Last week, my friend had a set of twins after a long and difficult pregnancy. A week later, she almost lost her life when a series of terrifying events had her rushed to the hospital. As her life hung in balance and Psalms were said in cycles in her name, I prayed for her recovery and once again acknowledged the terrifying journey that is childbirth—the miracles that both the baby and the mother must go through in order to bring down a soul into this world. The risk that we take as women is anything but selfish; we put our lives on the line to continue a chain of life. I held my breath until the following day, when her condition was announced as stable and she was on the road to recovery.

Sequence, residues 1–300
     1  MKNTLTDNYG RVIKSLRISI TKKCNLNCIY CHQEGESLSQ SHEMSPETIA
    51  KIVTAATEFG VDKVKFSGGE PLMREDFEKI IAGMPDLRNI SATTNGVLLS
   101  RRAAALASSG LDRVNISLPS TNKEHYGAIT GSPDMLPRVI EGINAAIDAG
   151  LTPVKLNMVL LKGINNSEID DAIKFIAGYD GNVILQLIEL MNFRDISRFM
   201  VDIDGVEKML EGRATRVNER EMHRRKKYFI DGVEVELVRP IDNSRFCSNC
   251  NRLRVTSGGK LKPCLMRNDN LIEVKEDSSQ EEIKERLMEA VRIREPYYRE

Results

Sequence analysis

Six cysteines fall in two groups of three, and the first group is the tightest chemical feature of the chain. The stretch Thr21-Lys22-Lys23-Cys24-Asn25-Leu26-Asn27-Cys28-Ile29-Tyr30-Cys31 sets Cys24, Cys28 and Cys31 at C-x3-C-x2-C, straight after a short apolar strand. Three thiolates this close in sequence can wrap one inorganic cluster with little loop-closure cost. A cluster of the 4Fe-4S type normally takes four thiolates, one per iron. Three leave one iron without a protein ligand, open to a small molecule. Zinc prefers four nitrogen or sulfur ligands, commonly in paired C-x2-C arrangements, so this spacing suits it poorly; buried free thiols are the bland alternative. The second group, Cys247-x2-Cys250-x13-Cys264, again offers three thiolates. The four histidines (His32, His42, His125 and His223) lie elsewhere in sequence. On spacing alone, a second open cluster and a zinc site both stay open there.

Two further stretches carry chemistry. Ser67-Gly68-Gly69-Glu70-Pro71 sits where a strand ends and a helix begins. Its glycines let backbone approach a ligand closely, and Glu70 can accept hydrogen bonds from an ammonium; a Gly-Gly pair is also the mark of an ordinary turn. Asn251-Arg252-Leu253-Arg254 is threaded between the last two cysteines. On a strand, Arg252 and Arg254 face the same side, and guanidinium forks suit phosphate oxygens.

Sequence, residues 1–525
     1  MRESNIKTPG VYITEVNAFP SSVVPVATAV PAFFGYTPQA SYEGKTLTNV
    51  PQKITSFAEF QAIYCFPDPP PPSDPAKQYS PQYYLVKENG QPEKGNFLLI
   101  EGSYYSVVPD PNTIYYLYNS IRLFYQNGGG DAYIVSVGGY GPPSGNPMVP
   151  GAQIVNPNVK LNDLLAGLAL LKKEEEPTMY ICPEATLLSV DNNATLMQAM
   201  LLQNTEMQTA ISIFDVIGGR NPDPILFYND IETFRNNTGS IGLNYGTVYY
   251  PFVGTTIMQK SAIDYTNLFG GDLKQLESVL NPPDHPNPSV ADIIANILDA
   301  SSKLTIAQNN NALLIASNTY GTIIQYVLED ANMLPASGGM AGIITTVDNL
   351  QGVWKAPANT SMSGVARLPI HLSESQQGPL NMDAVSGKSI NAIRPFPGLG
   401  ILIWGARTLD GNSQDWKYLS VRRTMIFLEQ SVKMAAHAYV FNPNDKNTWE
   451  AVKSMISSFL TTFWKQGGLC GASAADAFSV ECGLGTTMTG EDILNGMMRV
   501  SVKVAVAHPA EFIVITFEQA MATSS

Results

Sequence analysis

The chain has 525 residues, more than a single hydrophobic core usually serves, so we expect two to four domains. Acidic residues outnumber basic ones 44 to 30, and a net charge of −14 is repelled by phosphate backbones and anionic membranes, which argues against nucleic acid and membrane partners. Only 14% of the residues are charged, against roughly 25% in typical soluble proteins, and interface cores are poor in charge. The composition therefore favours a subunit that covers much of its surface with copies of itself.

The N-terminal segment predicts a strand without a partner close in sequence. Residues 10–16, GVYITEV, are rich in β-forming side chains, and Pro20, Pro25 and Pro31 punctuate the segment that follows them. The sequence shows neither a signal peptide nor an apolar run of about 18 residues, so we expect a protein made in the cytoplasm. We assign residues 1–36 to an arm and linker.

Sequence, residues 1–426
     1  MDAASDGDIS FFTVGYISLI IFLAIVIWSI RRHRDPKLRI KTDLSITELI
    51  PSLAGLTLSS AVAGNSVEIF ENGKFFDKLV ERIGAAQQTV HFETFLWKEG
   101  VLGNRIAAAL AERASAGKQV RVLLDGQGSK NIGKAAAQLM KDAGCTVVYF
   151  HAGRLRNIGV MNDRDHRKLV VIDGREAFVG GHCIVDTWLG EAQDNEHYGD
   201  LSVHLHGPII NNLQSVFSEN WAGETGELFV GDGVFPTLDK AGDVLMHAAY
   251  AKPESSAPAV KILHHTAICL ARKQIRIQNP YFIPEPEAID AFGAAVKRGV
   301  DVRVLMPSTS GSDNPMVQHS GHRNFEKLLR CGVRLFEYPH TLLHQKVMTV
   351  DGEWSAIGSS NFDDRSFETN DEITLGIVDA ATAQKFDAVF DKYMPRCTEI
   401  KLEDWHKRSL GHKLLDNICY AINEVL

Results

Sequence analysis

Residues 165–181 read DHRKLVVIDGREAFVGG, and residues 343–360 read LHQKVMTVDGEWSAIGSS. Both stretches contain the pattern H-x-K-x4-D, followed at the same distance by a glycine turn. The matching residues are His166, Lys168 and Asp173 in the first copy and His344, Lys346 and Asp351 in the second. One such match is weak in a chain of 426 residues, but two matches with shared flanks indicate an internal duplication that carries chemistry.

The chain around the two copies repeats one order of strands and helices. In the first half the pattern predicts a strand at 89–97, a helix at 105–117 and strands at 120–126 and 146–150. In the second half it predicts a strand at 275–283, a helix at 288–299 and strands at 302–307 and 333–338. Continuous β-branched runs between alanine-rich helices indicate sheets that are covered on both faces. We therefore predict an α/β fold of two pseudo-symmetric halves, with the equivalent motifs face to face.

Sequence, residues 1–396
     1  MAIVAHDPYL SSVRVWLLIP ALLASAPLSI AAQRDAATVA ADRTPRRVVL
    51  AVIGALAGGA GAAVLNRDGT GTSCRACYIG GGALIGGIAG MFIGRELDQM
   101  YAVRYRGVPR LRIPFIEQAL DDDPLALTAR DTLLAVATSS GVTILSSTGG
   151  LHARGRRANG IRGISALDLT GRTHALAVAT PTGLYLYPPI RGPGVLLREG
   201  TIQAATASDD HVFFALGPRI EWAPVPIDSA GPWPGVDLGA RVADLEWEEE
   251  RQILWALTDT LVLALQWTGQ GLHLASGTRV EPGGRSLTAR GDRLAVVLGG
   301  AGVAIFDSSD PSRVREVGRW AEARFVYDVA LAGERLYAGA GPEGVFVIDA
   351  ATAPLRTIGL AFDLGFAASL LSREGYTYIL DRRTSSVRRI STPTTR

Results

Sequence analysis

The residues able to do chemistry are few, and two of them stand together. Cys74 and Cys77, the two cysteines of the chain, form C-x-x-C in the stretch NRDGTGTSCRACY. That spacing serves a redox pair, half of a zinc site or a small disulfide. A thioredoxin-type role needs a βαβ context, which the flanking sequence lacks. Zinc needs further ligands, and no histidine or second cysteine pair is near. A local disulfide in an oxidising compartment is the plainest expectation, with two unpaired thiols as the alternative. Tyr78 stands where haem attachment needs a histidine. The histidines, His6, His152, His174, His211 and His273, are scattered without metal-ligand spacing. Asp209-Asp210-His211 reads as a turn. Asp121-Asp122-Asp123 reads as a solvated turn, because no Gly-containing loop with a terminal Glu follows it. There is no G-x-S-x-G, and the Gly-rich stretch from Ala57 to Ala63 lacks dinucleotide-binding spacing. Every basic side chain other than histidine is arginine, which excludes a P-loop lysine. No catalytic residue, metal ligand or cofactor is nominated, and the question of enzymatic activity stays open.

Selfish? Hardly.

Nine months postpartum, with my baby slowly starting to allow me to lead a life that has room for some of my own wants and desires, I look back at that day in the hospital where the word “failure” flashed across my mind again and again. I remember the old woman and her call of “You are blessed,” and I am finally able to accept those words and even to embrace them.

I may never be “free” as long as I live, for I am bound by blood and by love to the people I have had the merit to create and nurture with the help of G‑d. They will always challenge me in different ways, at every stage.

And although I may never be fully at liberty to do exactly what I wish when I want to, the gift of children and the challenges they have afforded me can only make me stronger, wiser, better.

Truly, as the old woman told me that day, I am blessed.